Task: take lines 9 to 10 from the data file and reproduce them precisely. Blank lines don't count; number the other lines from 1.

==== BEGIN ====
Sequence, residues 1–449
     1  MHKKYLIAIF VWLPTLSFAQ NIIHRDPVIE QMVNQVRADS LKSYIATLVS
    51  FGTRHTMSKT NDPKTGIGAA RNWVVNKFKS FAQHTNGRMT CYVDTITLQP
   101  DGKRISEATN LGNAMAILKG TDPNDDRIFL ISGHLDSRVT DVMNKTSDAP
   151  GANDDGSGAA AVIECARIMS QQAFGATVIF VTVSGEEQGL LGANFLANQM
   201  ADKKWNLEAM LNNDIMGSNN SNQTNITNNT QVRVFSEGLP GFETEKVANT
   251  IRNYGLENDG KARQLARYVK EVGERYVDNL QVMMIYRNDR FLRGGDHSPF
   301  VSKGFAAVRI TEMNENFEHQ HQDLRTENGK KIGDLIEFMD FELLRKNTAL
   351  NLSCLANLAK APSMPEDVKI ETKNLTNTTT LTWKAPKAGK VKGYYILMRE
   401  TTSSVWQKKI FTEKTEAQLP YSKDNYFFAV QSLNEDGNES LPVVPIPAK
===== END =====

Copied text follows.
   351  NLSCLANLAK APSMPEDVKI ETKNLTNTTT LTWKAPKAGK VKGYYILMRE
   401  TTSSVWQKKI FTEKTEAQLP YSKDNYFFAV QSLNEDGNES LPVVPIPAK